Hopefully, these moments of victory will accumulate, and I can use them to fight back against the negative, worried thoughts that anxiety gives me. Maybe then I will be able to win more of the battles, and the better times will start to last a little longer. Maybe if I win enough battles, the better times will last a lot longer.

No matter what, though, I know that I will have times when my anxiety is better and I will have times when it is worse. This will happen throughout my entire life. I don’t like to think about it, but I know it is true. I know that battling anxiety will be hard sometimes. Really hard. But I will keep doing it.

And maybe that’s the key. Maybe it isn’t the battles won that is the true triumph over mental illness.

The true triumph is simply continuing to fight back.

 

Check out part two of this post here.

What Anxiety (Can) Look Like

I was hoping to wait a while before bringing up the topic of anxiety because, well, I have a hard time talking about it. And the funny thing is, my anxiety-fueled fear of how other people will perceive me is the very thing that keeps me from bringing up the subject. After much deliberation, I finally decided to bring it up because it is something that we need to talk about. In fact, it is something that we need to talk about much more often.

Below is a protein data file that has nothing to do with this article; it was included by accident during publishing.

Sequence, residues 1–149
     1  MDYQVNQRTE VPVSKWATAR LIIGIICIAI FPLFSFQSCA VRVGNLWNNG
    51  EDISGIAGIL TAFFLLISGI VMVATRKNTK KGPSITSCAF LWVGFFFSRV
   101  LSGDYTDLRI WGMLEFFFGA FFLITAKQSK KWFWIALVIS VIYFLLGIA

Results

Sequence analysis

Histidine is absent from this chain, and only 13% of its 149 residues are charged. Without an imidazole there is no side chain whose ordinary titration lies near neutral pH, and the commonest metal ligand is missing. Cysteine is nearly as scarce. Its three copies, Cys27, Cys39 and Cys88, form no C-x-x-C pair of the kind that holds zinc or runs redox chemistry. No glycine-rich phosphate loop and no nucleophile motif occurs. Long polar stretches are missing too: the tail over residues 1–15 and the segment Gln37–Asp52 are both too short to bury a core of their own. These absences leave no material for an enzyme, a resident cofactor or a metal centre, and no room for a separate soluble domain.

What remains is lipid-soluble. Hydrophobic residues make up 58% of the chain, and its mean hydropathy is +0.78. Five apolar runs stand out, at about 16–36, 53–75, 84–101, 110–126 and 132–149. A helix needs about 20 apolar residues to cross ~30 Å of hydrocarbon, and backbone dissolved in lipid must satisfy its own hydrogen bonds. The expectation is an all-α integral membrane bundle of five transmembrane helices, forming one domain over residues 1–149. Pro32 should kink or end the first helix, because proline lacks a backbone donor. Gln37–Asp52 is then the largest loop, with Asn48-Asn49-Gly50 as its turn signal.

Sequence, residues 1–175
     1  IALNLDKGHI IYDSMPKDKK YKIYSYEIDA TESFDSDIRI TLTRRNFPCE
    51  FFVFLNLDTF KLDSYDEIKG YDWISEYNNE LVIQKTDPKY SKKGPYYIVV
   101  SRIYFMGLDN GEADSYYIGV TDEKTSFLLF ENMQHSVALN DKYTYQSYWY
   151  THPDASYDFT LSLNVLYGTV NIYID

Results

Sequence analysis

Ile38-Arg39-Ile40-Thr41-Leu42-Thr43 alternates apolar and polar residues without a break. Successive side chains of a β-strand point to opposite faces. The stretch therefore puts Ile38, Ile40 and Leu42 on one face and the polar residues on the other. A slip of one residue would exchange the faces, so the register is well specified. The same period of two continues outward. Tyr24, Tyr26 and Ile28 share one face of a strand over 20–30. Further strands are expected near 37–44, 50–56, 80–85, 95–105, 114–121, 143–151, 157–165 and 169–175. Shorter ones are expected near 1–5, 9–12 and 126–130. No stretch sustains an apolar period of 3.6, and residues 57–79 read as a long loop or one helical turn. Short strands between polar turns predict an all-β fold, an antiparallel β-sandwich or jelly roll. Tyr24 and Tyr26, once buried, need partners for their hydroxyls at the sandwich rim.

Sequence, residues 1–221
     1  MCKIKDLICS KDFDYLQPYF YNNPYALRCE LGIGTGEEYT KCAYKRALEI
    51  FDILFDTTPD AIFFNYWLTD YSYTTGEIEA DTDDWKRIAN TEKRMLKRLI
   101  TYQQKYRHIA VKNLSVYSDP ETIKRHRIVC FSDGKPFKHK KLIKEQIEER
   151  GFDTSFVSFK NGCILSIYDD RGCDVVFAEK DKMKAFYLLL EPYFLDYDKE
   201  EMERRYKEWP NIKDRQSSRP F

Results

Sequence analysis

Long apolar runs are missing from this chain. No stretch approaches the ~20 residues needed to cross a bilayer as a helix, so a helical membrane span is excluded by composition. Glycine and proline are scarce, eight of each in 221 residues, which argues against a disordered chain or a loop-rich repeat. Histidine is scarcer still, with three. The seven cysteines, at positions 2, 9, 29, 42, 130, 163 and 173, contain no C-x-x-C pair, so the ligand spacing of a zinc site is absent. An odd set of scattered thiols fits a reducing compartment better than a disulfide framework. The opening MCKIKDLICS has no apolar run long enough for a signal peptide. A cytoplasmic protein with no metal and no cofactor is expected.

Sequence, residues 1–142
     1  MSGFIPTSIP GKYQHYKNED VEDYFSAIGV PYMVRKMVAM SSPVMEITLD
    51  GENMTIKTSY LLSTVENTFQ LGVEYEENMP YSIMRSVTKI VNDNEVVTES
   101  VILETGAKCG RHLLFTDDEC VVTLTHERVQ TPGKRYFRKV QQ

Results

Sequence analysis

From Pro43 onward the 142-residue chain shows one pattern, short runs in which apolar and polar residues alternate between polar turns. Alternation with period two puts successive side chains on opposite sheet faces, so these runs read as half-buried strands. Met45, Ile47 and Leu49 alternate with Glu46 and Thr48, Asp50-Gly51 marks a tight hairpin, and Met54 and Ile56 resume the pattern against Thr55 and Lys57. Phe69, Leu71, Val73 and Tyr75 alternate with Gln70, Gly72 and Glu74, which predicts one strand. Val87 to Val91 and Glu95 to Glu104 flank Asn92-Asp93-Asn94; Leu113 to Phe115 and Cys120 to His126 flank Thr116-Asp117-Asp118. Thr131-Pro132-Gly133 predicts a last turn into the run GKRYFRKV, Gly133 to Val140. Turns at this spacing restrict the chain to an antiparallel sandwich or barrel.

The road that I took to finding out that I have anxiety – and then finally doing something about it – was a long one. It wasn’t until I was in my mid-twenties that I finally got help. It was then that I also finally got confirmation that what I was feeling passed beyond the realm of “normal” and into “mental illness”. For over two decades, friends and family members tried to be helpful, but ultimately dismissed my concerns that I might have anxiety. They would say that I was just “being a perfectionist” or “it’s normal for everyone to feel that way sometimes.”